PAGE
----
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EU to promote vegan alternatives to meat

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The Green Deal adopted by the European Commission forces initial activities and implementation of wide-ranging measures and grants in the area of nutrition, which should result in health benefits for citizens.

"From farm to fork" is the name of the EU's new sustainability strategy, adopted by the Commissioners last week with the objective of ensuring a fair, healthy and environmentally friendly food system, focussing on food safety and access to healthy food, as well as vegan meat alternatives.

The strategy paper, drafted by Stella Kyriakides, EU Commissioner for Health and Food Safety, states that current predominant food consumption is neither beneficial to health or the environment. This is also supported by studies, for example by the 2018 Oxford University study, that provided statistical data to show that a worldwide vegetarian diet by 2050 could reduce deaths by a more than seven million. The environment would also benefit greatly from a global change in diet, as food derived from animals currently contribute 14.5 percent to global warming. According to the Commission, the consumption of - above all - red meat should be greatly reduced in the future.

For this, ten billion euros will be made available within the framework of the EU programme "Horizon 2020", which will also be used to examine and produce vegan meat alternatives. The aim is to change the eating habits of many EU citizens. The focus here will be on two groups - people who cannot afford healthy food and people who could afford it but are too ill-informed. In this context, another measure that the Commission is striving for sounds almost revolutionary - "tax incentives should drive the transition to a sustainable food system and encourage consumers to opt for sustainable and nutritional food. This would result in healthy foods such as fruit, vegetables or vegan plant-based meat alternatives becoming cheaper and unhealthy ones, especially meat, becoming more expensive. Member States could, for example, be authorised to reduce the VAT rate on organic fruit and vegetables to reduce prices. On the other side, member states would have to ensure that "the price of different foods reflects their real costs in terms of their use of limited natural resources, pollution, greenhouse gas emissions and other external environmental impact," said Commissioner Kyriakides. Ultimately, this would amount to the 'meat tax' which is becoming a political issue.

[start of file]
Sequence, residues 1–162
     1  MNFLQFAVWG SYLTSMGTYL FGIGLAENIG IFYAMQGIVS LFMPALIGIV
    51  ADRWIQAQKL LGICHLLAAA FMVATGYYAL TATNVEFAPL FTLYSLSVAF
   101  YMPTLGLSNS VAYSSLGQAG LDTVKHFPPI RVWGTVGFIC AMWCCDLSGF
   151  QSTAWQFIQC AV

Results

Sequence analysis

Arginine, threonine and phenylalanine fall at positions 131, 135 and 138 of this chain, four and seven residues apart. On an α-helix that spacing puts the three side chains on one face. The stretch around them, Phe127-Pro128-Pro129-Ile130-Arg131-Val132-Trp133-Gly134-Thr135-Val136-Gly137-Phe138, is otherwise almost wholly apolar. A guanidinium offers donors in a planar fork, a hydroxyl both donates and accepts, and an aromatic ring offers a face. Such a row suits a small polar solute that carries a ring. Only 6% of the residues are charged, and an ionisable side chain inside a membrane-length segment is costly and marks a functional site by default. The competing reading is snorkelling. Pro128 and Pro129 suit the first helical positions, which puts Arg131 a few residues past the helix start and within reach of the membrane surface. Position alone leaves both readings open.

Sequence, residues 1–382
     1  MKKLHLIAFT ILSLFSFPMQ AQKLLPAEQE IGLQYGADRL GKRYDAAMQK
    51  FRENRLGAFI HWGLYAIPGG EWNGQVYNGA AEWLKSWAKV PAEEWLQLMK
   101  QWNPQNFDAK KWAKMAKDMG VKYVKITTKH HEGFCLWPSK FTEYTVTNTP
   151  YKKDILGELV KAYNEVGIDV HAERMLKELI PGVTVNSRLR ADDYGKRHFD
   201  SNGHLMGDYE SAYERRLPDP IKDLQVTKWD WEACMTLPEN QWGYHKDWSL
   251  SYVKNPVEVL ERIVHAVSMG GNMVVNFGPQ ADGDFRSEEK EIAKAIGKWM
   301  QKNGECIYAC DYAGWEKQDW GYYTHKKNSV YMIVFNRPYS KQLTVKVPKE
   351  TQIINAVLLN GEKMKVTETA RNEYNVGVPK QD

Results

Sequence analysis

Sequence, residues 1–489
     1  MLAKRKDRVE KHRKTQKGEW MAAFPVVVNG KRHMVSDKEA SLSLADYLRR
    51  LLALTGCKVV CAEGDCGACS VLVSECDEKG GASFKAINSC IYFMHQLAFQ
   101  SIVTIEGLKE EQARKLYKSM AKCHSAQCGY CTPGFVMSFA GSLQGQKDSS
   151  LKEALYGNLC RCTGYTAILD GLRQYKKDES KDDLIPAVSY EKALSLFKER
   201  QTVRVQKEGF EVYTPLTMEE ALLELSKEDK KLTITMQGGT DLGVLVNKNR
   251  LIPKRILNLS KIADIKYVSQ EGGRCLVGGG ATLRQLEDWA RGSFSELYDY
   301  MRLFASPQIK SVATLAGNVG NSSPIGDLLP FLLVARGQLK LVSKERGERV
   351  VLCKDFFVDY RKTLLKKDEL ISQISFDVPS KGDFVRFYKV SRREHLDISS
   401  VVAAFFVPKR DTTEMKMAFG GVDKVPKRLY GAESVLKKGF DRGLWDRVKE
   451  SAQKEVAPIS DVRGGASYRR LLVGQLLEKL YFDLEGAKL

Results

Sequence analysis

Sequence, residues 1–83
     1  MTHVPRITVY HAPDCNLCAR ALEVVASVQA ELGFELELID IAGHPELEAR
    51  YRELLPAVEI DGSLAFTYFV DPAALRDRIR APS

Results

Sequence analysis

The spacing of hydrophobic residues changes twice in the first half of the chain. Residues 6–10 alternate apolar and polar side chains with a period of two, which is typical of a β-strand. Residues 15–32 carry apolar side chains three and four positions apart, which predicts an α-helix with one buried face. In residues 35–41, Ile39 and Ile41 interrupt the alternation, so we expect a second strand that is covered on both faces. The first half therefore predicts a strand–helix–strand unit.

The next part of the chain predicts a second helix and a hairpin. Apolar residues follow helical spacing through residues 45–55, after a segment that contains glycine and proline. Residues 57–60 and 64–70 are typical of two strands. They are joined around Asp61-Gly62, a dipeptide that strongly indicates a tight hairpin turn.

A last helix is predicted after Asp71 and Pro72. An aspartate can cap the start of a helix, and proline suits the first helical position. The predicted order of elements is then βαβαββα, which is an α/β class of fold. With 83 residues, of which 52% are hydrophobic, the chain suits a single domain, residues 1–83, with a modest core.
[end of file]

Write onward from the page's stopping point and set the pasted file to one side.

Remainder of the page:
The German Minister of Agriculture, Ms. Klöckner, also explained last week that "theoretical requirements will be brought into line with practice and the everyday work on farms", and that "the core task of agriculture is to produce food".

Charles-Henry Debal, Managing Director of TOPAS GmbH, one of the leading developers of organic vegan meat alternatives for more than 25 years now, believes that fairer taxation makes sense and is timely - "Meat is taxed at a low rate, while meat alternatives are subject to 19% VAT. I do not advocate fairer taxation only for climate change damage reasons. The costs resulting from intensive meat production, the extinction of species, land degradation and water shortages must finally be priced in.”



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